Local Democracy Weekly: Labour left licking its wounds in Lincolnshire

Karen Lee’s reaction in the early hours of Friday morning painted a picture that could be replicated for Labour candidates across the country as the Conservatives swept to victory.

The party was hoping to keep its grip on Lincoln, a key marginal seat for any political colour.

But, it wasn’t to be, as Karl McCartney regained the seat he lost in 2017 with a 3,514 majority – the first time the margin has been above 1,600 votes in 14 years.

Labour is now left licking its wounds in Lincoln, but also across the country.

Jeremy Corbyn announced on Friday morning that he will not lead the party into the next election after recording Labour’s worst result since 1935.

The Tories broke through Labour’s “red wall” in the East Midlands, which has been the bedrock for the party.

Labour’s Karen Lee arrives at the count held at Yarborough Leisure Centre.

As the exit poll came in and predicted a dismal night for Mr Corbyn, local councillors wearing red rosettes clung to hope that the prediction would not be as bad as it seemed.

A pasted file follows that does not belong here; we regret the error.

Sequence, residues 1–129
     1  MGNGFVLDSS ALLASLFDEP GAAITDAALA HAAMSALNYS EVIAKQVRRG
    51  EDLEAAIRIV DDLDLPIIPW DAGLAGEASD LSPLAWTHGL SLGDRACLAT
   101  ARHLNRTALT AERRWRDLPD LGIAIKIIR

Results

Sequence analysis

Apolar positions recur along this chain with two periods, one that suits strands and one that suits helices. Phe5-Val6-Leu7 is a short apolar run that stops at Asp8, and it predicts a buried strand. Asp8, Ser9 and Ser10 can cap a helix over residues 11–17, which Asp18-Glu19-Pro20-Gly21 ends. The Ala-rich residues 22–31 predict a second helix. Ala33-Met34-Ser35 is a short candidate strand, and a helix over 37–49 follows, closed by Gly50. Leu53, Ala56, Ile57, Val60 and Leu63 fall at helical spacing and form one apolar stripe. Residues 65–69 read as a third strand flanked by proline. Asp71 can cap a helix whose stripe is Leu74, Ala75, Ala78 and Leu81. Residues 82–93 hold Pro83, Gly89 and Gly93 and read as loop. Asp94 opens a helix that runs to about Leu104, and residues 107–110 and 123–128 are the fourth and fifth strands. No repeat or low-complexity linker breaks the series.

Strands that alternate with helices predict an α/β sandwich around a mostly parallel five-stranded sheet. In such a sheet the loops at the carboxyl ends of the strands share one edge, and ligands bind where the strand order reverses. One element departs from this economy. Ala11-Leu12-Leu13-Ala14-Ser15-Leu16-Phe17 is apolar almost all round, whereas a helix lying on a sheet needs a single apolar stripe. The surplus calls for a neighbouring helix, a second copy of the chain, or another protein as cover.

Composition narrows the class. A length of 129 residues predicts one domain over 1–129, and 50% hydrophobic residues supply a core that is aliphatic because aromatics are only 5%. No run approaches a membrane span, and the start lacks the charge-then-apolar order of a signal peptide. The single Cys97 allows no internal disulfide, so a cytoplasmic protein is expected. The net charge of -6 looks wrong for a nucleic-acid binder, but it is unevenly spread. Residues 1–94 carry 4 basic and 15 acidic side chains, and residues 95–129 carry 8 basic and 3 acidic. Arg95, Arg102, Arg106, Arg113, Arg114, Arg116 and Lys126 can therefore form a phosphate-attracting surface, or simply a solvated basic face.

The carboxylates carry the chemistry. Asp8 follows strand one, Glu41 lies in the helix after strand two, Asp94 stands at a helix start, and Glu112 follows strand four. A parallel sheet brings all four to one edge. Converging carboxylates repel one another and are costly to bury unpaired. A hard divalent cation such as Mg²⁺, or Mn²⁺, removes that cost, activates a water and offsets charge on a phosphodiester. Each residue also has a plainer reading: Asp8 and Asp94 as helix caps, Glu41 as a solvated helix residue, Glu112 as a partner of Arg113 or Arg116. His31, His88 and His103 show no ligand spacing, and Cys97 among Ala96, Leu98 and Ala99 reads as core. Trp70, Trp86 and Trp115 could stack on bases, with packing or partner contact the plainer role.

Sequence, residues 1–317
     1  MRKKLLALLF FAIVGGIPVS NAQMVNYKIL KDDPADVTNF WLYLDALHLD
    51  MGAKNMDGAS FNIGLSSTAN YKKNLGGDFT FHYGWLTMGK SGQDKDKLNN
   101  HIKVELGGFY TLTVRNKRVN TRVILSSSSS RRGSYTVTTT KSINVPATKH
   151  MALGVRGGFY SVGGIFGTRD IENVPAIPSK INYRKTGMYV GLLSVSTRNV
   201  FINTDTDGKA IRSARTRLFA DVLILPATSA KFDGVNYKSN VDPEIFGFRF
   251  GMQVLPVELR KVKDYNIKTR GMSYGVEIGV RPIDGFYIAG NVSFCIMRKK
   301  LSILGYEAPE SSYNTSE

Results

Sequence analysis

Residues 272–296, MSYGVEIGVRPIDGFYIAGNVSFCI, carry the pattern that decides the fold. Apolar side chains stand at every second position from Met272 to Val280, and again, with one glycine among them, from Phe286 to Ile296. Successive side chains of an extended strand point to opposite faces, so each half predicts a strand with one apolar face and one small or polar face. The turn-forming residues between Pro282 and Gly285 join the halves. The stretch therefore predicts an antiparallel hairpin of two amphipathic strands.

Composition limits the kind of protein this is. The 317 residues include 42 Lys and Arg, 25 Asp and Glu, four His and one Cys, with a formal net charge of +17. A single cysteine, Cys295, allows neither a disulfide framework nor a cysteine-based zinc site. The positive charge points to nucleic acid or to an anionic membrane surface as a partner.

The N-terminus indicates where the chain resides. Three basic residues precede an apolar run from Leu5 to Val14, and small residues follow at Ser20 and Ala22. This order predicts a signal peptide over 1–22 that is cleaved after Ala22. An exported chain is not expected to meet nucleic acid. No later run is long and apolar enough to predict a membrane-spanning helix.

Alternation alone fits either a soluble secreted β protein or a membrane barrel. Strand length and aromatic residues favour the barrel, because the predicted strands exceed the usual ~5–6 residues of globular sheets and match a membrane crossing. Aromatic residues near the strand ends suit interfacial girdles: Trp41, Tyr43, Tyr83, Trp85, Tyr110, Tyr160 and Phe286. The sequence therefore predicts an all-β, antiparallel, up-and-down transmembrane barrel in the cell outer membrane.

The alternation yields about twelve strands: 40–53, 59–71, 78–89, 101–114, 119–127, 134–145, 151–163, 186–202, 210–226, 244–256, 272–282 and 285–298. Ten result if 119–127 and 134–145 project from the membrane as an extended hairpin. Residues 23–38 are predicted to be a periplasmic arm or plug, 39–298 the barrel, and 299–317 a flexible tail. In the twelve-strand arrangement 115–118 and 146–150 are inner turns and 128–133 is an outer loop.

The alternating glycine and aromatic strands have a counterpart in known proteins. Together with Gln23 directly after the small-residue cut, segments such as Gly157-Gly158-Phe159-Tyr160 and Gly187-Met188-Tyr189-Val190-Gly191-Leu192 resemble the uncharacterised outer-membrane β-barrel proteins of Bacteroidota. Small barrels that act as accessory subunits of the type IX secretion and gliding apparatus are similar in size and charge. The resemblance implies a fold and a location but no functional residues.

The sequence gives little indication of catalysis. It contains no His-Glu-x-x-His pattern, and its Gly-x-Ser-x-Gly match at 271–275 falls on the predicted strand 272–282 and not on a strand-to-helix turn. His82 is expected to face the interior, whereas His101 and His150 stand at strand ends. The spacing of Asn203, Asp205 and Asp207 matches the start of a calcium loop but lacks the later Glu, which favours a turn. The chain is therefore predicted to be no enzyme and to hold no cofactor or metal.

But, Ms Lee was frank about the party’s performance and said it was “undoubtedly a bad night” for Labour.

She paid tribute to her team who “led a wonderful campaign”, but would not be drawn on the future of her party leader.

ALSO READ: Karl McCartney proud as Conservatives regain Lincoln

Labour is now left without a single seat across Lincolnshire.

For the Conservatives, the party can rejoice after winning back Lincoln, but also recording a clean sweep across the county.

Conservative’s Karl McCartney was elected MP for Lincoln at General Election 2019.

The Tories now hold Scunthorpe, which local councillor Holly Mumby-Croft gained from Labour, and Great Grimsby which has been red for 74 years.

Conservative county councillor Richard Davies said the local party had focused on regaining Lincoln and put resources into making sure that was the case.

And the Tories’ campaign is there for all to see with numerous senior cabinet ministers making a trip to the city, such as Andrea Leadsom and Michael Gove.

Mr McCartney said he was “relieved” after a nervous night at Yarborough Leisure Centre.

He added that he wanted to replicate what he did as MP last time around when the voters of Lincoln put faith in him.

Whether or not that will be the case will be for the city to decide in five years time.


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